Research published in Cisco’s 2015 Midyear Security Report reveals that social media exploitation — Facebook scams in particular — has officially taken the crown for the most commonly used method into an organization’s network.
Facebook’s 1.49 billion monthly active users make it the world’s largest nation-state, used by 70% of American each day. It is, for better or worse, a nation without borders. Adversaries exploit the social media giant for its sheer size and trusted nature, making it the medium of choice for both inexperienced and sophisticated network hackers alike. For the adversary, the barriers to entry have never been lower, and the targets have never been more trusting and click-happy.
According to Norton, some nearly 40% of people accept unsolicited friend requests, and 4 in 10 users report falling victim to cybercrime on social media. Another report published by McAfee reveals that more employees have experienced cybercrime on social media than on any other business application, including file sharing and email.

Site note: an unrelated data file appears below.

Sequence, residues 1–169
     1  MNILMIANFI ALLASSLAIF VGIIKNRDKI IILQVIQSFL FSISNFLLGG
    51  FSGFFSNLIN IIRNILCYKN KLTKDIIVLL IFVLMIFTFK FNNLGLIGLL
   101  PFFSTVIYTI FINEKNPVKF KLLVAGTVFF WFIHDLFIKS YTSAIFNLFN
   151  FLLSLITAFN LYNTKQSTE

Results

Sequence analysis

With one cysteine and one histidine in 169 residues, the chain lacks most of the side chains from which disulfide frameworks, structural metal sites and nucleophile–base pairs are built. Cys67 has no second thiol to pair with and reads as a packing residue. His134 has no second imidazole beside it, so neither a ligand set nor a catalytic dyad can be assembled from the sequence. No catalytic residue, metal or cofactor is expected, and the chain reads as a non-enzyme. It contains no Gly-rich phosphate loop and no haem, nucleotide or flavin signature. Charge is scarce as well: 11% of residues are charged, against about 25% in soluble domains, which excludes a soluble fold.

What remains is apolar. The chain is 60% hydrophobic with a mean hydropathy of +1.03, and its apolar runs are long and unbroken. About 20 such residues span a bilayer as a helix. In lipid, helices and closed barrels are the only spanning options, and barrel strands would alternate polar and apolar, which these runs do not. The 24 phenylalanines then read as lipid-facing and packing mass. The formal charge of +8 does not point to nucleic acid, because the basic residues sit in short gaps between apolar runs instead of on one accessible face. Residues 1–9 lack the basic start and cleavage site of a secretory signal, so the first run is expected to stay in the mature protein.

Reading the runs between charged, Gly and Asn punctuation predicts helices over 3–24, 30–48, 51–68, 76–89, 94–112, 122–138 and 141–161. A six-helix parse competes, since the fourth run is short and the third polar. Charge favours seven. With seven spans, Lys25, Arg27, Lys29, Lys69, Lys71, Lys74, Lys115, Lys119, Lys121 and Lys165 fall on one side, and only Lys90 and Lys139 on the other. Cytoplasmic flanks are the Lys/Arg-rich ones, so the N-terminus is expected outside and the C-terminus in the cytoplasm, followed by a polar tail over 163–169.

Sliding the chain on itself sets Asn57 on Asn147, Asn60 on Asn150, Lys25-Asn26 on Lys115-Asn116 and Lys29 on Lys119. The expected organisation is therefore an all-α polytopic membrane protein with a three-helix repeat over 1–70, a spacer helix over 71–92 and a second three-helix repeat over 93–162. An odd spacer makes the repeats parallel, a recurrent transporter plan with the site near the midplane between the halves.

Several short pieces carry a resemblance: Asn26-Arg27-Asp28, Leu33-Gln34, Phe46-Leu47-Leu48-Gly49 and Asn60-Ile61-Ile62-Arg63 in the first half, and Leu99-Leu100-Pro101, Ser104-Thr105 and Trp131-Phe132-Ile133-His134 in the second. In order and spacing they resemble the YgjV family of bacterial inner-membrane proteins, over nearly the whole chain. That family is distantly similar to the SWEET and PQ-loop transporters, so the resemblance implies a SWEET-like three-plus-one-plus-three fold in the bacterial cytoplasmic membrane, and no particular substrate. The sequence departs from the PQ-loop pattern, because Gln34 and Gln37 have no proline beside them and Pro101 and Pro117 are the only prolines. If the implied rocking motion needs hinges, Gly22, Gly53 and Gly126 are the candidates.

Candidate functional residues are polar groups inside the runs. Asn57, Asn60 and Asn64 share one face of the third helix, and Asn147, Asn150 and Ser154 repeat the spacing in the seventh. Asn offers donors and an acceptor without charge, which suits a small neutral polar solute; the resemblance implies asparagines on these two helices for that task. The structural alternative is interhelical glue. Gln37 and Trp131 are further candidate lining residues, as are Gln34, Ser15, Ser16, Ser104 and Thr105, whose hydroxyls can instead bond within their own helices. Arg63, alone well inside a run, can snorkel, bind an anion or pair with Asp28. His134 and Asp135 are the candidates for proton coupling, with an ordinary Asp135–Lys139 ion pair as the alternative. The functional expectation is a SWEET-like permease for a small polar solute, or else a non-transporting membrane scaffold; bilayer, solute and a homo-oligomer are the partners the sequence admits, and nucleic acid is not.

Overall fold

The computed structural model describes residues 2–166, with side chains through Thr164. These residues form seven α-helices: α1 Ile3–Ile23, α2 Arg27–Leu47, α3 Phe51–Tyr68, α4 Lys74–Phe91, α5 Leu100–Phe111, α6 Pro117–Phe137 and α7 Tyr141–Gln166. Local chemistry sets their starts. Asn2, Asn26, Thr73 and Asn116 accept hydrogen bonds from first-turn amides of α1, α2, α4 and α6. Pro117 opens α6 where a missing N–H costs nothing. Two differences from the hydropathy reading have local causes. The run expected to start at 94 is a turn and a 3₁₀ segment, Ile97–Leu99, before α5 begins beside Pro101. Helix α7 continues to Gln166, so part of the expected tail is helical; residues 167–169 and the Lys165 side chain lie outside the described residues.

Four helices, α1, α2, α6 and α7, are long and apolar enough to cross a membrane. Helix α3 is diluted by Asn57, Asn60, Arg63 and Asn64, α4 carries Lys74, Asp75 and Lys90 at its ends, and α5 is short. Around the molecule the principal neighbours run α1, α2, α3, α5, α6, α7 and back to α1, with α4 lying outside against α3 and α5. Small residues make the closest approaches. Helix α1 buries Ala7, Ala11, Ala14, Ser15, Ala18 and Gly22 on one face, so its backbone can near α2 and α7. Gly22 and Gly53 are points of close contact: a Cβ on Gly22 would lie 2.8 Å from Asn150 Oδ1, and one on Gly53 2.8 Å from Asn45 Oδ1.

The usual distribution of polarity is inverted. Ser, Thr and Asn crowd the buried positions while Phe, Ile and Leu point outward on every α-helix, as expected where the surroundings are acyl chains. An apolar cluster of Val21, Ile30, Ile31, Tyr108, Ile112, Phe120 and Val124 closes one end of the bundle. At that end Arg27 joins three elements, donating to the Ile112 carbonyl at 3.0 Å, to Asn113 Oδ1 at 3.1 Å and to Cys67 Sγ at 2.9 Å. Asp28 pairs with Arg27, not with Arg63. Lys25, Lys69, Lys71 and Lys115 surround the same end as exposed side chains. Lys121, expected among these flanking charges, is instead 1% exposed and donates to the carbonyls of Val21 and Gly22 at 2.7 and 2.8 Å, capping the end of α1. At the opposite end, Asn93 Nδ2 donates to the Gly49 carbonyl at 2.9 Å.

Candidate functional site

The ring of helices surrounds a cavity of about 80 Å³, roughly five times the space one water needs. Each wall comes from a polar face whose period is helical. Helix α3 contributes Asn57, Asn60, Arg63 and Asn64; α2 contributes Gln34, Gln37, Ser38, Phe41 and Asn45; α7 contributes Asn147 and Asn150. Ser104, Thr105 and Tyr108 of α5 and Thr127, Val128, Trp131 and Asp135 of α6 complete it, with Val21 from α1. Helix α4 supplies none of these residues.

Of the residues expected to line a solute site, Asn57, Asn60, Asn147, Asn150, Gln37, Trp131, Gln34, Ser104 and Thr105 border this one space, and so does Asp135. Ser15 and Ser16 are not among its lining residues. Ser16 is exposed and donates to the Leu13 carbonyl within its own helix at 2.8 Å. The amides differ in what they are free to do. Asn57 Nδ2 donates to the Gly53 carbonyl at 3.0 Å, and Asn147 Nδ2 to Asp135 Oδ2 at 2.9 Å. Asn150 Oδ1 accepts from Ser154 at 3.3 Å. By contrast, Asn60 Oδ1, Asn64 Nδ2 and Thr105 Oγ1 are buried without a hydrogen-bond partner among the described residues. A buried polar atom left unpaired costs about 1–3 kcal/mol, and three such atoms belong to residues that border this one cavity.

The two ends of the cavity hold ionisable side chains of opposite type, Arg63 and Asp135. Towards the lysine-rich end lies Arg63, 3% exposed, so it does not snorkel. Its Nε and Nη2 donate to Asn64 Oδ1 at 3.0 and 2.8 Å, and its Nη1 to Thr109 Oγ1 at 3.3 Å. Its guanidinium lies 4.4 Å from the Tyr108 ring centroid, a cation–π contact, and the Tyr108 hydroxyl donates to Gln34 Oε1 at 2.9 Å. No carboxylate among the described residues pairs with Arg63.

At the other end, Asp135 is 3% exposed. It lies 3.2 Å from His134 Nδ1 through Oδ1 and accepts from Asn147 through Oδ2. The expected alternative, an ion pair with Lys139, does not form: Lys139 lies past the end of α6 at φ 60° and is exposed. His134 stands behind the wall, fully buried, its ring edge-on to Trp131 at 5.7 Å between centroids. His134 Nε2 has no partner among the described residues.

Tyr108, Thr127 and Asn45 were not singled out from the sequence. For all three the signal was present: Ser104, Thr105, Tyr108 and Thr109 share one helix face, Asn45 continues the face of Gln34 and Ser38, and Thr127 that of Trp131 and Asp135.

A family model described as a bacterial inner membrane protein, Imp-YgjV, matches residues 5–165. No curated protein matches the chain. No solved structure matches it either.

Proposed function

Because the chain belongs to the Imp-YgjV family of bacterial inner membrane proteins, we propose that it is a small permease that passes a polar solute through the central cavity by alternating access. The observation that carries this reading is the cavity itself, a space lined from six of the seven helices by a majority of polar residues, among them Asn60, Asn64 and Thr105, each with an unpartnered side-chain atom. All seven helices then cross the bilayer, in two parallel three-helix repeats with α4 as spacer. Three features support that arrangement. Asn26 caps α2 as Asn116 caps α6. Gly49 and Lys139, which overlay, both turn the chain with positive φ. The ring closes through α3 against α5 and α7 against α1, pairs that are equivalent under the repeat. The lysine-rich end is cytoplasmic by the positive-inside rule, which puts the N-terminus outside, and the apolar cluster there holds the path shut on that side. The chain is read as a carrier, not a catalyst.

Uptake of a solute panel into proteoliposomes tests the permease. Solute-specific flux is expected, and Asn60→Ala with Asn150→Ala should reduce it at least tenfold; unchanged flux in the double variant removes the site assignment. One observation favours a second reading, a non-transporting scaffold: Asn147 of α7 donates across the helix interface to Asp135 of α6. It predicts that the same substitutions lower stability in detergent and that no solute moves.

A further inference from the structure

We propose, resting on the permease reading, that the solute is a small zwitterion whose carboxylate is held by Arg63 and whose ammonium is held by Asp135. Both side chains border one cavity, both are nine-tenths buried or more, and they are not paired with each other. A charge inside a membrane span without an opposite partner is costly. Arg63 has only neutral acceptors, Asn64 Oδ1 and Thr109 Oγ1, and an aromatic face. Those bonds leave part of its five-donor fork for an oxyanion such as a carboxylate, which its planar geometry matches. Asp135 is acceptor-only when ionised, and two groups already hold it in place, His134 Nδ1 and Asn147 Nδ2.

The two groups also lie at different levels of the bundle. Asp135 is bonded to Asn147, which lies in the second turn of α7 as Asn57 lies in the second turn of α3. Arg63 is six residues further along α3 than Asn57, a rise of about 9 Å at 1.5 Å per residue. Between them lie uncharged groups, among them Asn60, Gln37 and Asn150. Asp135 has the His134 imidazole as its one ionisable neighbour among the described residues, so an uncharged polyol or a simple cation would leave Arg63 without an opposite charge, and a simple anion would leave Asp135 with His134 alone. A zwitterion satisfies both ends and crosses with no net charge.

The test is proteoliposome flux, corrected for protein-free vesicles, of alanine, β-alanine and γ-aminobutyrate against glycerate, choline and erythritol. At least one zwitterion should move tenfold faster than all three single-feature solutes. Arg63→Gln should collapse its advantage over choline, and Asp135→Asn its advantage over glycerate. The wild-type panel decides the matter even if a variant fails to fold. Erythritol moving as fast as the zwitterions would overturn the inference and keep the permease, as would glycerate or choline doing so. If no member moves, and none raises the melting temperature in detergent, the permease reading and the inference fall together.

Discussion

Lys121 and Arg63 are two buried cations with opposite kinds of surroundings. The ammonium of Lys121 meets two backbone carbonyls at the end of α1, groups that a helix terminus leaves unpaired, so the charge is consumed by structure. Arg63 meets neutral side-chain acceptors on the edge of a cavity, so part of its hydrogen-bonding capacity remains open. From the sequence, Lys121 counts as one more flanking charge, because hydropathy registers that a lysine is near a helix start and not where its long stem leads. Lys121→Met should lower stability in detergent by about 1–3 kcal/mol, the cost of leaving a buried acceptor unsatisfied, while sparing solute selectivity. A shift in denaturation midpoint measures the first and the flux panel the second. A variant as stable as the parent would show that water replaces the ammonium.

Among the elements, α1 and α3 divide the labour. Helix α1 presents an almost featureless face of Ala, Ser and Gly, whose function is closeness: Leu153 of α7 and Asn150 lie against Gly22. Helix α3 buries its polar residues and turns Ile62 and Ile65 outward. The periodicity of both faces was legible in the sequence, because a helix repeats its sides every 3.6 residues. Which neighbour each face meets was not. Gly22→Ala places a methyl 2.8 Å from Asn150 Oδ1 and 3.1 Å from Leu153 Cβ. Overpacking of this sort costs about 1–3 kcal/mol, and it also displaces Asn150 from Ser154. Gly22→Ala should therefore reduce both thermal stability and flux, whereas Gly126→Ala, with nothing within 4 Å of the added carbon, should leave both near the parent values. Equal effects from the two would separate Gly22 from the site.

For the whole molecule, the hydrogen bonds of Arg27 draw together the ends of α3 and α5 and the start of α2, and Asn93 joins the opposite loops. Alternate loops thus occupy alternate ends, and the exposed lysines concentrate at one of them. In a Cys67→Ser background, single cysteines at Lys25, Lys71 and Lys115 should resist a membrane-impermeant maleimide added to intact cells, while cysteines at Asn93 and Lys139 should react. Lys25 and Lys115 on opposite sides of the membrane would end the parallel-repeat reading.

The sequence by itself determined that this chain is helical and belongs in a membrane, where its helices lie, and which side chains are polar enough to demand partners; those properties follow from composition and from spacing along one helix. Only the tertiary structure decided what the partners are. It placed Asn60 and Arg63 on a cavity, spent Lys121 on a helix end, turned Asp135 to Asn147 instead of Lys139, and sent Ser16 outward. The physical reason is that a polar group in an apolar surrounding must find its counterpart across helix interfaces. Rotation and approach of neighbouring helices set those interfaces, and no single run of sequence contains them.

Cisco stressed the importance of holistic network security, as many organizations still rely upon proverbial Band-Aids to treat complex, widespread security threats. Cyber criminals are evolving to better manipulate the digital landscape, redefining cybercrime in the process. As the prevalence of Facebook scams continues to grow, security teams must drastically reconsider how social media factors into the security equation.
Facebook isn’t alone in the cybercrime department: Cisco’s publication was closely followed by a report from FireEye, which describes how Twitter was used as the main attack tool to breach government networks. Late last year, Instagram announced a purge of fraudulent accounts, taking a first crack at a growing problem of fake profiles. Other networks including LinkedIn, Pinterest, Google+ and YouTube have begun grappling with fake accounts, phishing campaigns and information theft.
Social media cyber threats are here to stay. The questions is how to handle them.